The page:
What: Central Oregon Symphony Fall Concert

When: 7:30 p.m. Saturday and Monday, 2 p.m. Sunday

Where: Bend High School Auditorium, 230 NE Sixth St.

Cost: Free, but ticket required; available in advance at area bookstores — Roundabout Books, Dudley’s BookShop Cafe, COCC Bookstore (Bend); Paulina Springs Books (Sisters); Herringbone Books (Redmond); Sunriver Books and Music

Contact: cosymphony.com

Don’t be fooled by the fact that Central Oregon Symphony’s Fall Concert, its first of the 2019-20 season, has “just” two pieces.

In performance Saturday through Monday at Bend High School, “This particular concert, because of the works that we’re playing, there are only two pieces, Maestro Michael Gesme said. “But each one of those things is four movements long, three movements long, so the reality is there are seven pieces.”

The first of the two pieces is Johannes Brahms’ Piano Concerto No. 1, featuring Brazilian-born pianist Ednaldo Borba, who received his Ph.D. in piano performance last year from the University of Oregon. When mapping out each season, Gesme usually asks soloists what they might like to play with the orchestra, and when Borba suggested Piano Concerto No. 1, Gesme leapt at the chance.

The concert weekend marks their first time working together, but Gesme has seen Borba play.

“He’s just phenomenal,” Gesme gushed. “I’m super excited to work with him.”

Piano Concerto No. 1 clocks in at 50-some-odd minutes, but with those distinct movements Gesme mentioned, it scarcely comes off as monotonous.

In the 1850s, when the concerto debuted, “Brahms is a relatively young dude. He’s a great pianist, so he’s going to premiere this piece,” Gesme said. “(He’s) already got a name, and so everything he does is kind of put under the microscope.”

Brahms famously labored over it for a while, and at one point is was a piano duet, Gesme said.

Unsatisfied, Brahms decided to throw the orchestra in as well. Now it was in concerto territory, which Gesme helpfully explained as being “basically where you have a solo instrument, and the orchestra providing the accompaniment, for lack of a better term.”

The form was well established by the Romantic Period, when Brahms had to go and tinker with it.

“Symphonic music had been around for a couple of hundred years at this point and already had a well-developed sense of orchestration and how things worked and what can be done with an orchestra to create beautiful sounds,” Gesme said. “Up until that era … concertos were all about the soloist. The orchestra was merely ‘boom chick chick’ in the background while they (the soloist) were doing all of their pyrotechnics. They were designed as a feature for the hot-ticket soloists of the day, which were often the composers.”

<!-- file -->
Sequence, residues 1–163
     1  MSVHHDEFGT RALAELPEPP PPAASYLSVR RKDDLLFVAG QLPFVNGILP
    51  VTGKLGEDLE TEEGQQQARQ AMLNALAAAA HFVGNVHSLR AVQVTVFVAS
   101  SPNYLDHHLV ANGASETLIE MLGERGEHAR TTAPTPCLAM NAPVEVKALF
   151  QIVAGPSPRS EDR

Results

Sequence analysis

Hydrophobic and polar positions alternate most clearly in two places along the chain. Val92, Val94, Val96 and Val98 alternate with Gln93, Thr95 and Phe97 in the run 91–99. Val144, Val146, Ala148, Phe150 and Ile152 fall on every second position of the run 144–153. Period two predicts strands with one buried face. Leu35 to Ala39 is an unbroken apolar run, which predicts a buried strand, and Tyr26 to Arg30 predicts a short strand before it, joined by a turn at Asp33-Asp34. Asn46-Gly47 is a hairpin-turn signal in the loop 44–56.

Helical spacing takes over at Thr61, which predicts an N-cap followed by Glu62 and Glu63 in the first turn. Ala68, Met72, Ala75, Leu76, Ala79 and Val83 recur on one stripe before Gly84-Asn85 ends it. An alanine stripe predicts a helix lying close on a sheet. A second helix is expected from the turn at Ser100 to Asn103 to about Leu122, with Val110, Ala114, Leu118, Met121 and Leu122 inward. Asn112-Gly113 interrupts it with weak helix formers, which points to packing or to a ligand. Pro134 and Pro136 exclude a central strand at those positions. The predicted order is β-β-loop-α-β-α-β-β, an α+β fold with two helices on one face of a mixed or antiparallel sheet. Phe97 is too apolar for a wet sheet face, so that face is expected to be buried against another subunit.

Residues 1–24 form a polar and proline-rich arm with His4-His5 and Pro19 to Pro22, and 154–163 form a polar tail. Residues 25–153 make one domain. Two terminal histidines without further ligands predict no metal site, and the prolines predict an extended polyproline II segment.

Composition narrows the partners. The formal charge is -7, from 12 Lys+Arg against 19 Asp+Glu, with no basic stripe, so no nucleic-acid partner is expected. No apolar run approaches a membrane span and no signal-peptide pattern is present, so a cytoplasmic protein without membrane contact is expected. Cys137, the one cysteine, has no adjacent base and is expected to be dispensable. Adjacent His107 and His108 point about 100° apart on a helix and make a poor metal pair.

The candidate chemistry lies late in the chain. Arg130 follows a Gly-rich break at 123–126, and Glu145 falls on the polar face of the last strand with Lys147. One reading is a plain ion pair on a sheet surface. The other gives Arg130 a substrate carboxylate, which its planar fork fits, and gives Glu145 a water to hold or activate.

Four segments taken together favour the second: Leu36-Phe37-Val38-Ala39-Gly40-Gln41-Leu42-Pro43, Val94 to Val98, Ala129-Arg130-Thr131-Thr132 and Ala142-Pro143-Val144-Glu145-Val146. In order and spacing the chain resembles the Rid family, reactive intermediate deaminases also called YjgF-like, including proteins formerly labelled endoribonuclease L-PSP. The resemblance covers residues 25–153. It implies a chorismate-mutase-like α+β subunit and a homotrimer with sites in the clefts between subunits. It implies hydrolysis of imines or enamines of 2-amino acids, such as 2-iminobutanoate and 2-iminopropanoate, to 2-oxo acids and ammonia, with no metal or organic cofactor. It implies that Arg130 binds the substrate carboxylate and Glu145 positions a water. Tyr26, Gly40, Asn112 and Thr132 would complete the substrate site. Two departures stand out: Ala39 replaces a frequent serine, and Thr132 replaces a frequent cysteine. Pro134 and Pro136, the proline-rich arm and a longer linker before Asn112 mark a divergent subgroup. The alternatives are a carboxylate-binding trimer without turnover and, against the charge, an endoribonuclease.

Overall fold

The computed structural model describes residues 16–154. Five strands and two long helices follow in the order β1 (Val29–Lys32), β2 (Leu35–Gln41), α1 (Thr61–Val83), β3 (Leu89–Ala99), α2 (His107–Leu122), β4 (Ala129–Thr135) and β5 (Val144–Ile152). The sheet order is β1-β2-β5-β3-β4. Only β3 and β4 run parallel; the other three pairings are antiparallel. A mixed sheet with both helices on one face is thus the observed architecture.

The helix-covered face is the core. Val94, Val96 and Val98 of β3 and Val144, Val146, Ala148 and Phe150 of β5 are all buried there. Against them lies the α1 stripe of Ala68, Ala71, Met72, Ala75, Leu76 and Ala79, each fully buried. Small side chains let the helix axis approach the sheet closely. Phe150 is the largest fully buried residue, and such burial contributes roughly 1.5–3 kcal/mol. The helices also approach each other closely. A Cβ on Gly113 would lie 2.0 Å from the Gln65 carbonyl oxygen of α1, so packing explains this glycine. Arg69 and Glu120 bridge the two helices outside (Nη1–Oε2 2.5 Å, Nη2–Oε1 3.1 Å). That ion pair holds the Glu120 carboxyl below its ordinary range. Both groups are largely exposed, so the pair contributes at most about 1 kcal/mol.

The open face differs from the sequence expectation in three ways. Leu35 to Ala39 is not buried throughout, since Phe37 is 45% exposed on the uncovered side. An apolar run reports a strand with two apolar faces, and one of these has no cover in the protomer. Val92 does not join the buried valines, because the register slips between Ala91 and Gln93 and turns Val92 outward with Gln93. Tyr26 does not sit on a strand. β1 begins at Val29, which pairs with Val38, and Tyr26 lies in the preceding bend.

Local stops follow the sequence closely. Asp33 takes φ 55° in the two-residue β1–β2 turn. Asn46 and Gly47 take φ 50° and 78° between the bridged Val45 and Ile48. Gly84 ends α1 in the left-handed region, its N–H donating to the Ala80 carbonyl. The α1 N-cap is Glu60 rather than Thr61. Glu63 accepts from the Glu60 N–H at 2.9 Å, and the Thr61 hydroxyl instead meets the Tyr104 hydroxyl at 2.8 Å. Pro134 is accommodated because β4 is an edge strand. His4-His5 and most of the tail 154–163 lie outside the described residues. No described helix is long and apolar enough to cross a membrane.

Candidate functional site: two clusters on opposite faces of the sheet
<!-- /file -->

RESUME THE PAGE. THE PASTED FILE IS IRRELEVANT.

With Piano Concerto No. 1, Brahms set expectation on its ear. Not only did the orchestra play a more prominent role, but at times the hot-ticket soloist provides the accompaniment to the orchestra.

“There are beautiful sections where the orchestra gets to shine, and the pianist is either an equal partner, or … sometimes the pianist is the one that’s providing just the accompaniment while we have this gorgeous flute solo going on, or this really beautiful bassoon solo.”

All of which makes for a lovely concerto experience, but as you can probably guess, flouting a couple of centuries of convention did not exactly go over with audiences back in Brahms’ day.

“It wasn’t super-well received on the get-go,” Gesme said. Audiences actually hissed at the premiere performances. “People were just not expecting what they got. … I’m sure Brahms was devastated.”

Be warned: It’s heavy, Gesme said. “It’s Romantic heavy. And I mean ‘heavy’ in the dark chocolate, amazing — whatever you view in terms of, like, you put yourself through the wringer when you go through a Romantic juggernaut.”

The back half of the concert, made up of Austrian composer Joseph Haydn’s last symphony, is the complete opposite of heavy.

“(Haydn) is the epitome of the classical model,” Gesme said. “He can spin a good tune like nobody’s business.”

And he can bait and switch: Symphony No. 104’s early measures suggest a somber affair ahead.

“You think, ‘This is going to be very serious,’ and then, he says, ‘No.’ This is just pure joy … movement after movement after movement,” Gesme said. “It’s a really lovely foil for the Brahms.”

Somewhat confusingly, Haydn wrote 12 symphonies during his two late-career trips to London, collectively known as his London Symphonies. But when someone references “the London Symphony,” they’re referring to No. 104, the last of them.

Whatever you call the piece, the community orchestra is very well-positioned to play it given current talent levels, Gesme said.

“It’s the combination of the right group of people to play this music. I’ve got this perfect combination right now to do an amazing job with this symphony, and they play it so well.”

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